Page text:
Adrian Khoo and Amit Sheopuri, co-heads of Asia debt origination, ensured the bank was able to boast mandates across Asia this year, holding either the number one or two spot on the league tables in Indonesia, Sri Lanka, South Korea, Thailand and Vietnam. Citi was also one of the top banks in the green and sustainable bond market, in liability management and in bank capital.

Citi’s equity team also had a stellar year, winning league table credit for $6.69bn of deals across Asia ex-Japan and working on more deals than any other non-Chinese bank. Its highlight reel included acting as a sponsor on Hansoh Pharmaceutical’s $1.153bn IPO, a joint bookrunner on Budweiser Brewing Apac Co’s $5.749bn Hong Kong listing and global co-ordinator on a $675m convertible bond for Lenovo. There was also, of course, that mammoth, hard-won mandate on Alibaba’s long-awaited return to the Hong Kong stock exchange.

The bank now has one of the strongest ECM benches on the street. The hire of Goldman Sachs’ Udhay Furtado, who became Citi’s head of Asia ex-Greater China ECM in the middle of 2018, was a clear coup but Bruce Wu and Kenneth Chow, co-heads of Greater China ECM, have also ensured a steady supply of chunky deals. In November, Citi named Furtado and Chow as co-heads of Asia ECM.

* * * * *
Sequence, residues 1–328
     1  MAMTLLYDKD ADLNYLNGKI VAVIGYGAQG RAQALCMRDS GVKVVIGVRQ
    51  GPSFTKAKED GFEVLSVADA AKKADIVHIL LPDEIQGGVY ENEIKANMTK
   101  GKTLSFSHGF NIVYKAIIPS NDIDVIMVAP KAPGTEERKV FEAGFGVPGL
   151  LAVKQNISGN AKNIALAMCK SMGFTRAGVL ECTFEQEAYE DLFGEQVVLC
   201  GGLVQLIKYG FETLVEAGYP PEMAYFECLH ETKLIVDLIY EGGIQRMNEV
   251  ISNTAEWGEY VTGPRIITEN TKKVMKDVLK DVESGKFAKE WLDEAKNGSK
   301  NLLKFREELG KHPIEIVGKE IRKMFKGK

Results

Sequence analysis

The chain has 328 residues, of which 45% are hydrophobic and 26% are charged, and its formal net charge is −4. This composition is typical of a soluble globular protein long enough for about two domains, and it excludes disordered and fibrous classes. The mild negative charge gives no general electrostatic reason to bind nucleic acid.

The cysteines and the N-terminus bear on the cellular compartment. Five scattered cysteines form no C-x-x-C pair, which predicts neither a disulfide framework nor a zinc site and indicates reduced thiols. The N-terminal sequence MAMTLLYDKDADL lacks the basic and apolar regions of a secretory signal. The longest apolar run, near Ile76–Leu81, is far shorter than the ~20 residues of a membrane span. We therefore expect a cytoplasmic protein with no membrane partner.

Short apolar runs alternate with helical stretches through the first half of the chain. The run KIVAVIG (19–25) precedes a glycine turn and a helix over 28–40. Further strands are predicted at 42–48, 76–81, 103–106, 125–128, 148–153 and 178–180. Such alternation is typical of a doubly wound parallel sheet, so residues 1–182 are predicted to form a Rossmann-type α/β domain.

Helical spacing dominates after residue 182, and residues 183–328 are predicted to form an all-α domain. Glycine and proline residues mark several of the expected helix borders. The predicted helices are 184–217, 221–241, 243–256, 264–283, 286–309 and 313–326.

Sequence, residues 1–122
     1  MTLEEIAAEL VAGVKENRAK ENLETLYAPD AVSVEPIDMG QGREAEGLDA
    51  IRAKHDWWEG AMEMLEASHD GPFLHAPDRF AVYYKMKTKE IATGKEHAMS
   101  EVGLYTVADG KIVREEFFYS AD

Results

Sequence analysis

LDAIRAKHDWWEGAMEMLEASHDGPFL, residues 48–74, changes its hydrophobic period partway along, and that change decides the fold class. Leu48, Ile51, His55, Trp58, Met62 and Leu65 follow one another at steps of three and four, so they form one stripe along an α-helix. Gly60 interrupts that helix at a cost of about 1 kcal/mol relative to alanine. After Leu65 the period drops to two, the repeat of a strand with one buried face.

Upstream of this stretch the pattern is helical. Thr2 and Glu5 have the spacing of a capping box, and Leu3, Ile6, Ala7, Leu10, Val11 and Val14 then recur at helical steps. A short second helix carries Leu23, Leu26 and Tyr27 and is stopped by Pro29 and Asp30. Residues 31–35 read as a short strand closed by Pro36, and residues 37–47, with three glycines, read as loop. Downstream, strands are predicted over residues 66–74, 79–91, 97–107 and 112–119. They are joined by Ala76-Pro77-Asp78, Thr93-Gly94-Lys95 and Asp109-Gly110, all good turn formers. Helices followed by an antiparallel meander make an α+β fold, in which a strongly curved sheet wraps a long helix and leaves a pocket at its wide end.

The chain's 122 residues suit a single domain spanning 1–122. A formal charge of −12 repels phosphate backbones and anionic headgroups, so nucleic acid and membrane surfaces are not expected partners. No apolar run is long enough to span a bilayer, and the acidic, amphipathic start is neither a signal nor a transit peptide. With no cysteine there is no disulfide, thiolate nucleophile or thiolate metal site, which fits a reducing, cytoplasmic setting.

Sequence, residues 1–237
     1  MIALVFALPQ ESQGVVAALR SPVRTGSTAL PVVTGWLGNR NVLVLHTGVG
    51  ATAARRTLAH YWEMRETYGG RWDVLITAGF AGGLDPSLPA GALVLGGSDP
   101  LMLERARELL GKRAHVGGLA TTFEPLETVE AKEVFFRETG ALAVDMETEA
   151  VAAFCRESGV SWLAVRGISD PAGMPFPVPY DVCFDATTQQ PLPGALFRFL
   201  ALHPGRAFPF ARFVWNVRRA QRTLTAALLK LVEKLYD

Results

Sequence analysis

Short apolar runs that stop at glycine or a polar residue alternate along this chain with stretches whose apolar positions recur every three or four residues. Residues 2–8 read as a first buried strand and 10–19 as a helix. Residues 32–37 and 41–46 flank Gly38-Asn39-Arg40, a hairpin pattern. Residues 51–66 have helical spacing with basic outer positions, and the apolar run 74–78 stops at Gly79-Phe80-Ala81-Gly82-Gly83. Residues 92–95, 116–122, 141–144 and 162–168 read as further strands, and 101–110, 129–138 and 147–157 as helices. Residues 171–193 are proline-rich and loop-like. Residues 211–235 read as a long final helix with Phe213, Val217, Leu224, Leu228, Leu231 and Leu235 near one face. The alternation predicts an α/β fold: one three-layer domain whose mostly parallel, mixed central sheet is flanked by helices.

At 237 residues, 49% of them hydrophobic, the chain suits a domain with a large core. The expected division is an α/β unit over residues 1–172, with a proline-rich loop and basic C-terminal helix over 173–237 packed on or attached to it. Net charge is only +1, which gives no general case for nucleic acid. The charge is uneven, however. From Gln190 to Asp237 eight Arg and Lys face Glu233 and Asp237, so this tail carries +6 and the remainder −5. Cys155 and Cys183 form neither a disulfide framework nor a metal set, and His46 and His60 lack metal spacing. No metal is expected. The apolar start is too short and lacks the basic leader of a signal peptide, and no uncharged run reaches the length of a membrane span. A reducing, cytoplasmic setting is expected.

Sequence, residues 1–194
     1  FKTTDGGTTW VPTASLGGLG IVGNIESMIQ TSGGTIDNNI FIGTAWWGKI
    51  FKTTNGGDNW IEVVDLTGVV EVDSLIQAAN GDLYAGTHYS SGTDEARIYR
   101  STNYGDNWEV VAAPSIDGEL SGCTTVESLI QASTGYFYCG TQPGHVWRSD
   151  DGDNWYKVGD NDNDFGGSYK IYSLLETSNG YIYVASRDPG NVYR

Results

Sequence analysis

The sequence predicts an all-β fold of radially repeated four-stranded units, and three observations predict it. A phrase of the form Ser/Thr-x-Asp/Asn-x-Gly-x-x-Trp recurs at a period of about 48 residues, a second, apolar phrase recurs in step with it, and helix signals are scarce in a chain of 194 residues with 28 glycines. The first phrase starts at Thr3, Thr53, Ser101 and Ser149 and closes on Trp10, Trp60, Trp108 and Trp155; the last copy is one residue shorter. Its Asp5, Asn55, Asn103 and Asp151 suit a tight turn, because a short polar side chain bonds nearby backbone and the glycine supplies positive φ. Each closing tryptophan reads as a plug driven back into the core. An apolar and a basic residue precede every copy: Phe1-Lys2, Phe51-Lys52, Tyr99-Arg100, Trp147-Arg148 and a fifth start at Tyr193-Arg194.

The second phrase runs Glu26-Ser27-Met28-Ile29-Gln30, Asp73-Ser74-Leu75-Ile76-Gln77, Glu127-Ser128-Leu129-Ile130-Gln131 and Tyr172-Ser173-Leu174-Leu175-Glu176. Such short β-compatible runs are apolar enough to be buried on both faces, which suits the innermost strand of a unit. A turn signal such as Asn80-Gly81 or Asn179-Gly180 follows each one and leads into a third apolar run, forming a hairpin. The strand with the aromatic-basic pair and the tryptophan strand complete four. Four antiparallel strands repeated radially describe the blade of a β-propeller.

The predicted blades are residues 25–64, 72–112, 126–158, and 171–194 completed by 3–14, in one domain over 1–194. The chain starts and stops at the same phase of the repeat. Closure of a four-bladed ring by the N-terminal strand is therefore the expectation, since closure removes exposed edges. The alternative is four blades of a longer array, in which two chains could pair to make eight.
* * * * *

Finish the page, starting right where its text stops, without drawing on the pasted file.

Citi’s loans business, run by the well-respected Benjamin Ng, has always prospered from a smart approach to structuring and distributing risk, getting revenues from deals far away from the plain vanilla flow that makes up the vast majority of many of its rivals’ loan businesses. That continued this year, with impressive deals including Amer Sports’ acquisition financing and the HK$25.2bn facility for the privatisation of Hopewell Holdings.

But Citi won this award due to more than strong league table showings and eye-catching mandates. There was plenty of competition across all asset classes this year and many banks had glittering numbers to show. Citi’s Asia Pacific banking and capital market advisory business, run by Jan Metzger, stood out due to its stark transformation over the last few years, turning what was once considered a decent offshoot of a powerful corporate and commercial bank into a world-class division in its own right.

Citi bankers are energised like never before, taking a creative, multimedia approach to pitching that forces them to understand their clients – or potential clients – much more deeply than they used to.